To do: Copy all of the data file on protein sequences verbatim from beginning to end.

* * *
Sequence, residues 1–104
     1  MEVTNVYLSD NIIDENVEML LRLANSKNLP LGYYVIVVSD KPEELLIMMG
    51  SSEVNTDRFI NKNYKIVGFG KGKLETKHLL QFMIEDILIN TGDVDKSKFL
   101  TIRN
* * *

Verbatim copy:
Sequence, residues 1–104
     1  MEVTNVYLSD NIIDENVEML LRLANSKNLP LGYYVIVVSD KPEELLIMMG
    51  SSEVNTDRFI NKNYKIVGFG KGKLETKHLL QFMIEDILIN TGDVDKSKFL
   101  TIRN